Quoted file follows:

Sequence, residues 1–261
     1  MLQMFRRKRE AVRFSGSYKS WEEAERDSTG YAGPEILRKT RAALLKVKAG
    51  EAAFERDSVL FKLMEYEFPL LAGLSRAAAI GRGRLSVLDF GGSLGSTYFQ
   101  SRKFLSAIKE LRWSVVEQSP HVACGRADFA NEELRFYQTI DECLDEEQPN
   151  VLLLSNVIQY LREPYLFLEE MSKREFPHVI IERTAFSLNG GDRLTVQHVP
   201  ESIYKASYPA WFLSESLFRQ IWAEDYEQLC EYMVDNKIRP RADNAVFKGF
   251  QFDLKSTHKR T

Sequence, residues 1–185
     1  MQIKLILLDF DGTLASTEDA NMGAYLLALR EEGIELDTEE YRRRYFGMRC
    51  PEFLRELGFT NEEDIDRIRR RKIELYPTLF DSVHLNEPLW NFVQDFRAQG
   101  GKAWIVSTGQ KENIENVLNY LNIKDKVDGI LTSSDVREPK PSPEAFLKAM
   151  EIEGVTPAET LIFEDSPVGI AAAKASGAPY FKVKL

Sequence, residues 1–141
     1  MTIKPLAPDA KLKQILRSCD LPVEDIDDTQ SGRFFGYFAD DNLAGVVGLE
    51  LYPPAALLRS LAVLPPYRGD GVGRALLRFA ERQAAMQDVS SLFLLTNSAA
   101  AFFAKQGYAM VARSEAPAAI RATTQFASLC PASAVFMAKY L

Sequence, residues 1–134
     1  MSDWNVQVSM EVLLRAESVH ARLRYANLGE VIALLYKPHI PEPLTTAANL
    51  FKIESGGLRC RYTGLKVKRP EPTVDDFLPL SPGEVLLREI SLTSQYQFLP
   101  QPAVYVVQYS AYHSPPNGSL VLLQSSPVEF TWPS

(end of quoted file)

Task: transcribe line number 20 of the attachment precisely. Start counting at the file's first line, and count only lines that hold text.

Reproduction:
   101  QPAVYVVQYS AYHSPPNGSL VLLQSSPVEF TWPS